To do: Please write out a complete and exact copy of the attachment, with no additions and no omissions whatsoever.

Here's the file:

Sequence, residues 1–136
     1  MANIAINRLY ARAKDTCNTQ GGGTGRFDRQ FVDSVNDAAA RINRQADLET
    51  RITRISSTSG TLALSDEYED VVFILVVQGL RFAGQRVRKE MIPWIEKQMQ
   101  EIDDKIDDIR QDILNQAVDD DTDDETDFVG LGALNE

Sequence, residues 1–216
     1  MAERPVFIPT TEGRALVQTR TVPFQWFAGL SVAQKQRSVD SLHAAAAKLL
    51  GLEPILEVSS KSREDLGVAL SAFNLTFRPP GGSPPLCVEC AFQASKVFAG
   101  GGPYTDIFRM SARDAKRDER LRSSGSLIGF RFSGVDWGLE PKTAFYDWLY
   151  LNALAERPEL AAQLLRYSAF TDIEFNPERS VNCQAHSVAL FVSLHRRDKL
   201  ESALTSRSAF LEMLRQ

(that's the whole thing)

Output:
Sequence, residues 1–136
     1  MANIAINRLY ARAKDTCNTQ GGGTGRFDRQ FVDSVNDAAA RINRQADLET
    51  RITRISSTSG TLALSDEYED VVFILVVQGL RFAGQRVRKE MIPWIEKQMQ
   101  EIDDKIDDIR QDILNQAVDD DTDDETDFVG LGALNE

Sequence, residues 1–216
     1  MAERPVFIPT TEGRALVQTR TVPFQWFAGL SVAQKQRSVD SLHAAAAKLL
    51  GLEPILEVSS KSREDLGVAL SAFNLTFRPP GGSPPLCVEC AFQASKVFAG
   101  GGPYTDIFRM SARDAKRDER LRSSGSLIGF RFSGVDWGLE PKTAFYDWLY
   151  LNALAERPEL AAQLLRYSAF TDIEFNPERS VNCQAHSVAL FVSLHRRDKL
   201  ESALTSRSAF LEMLRQ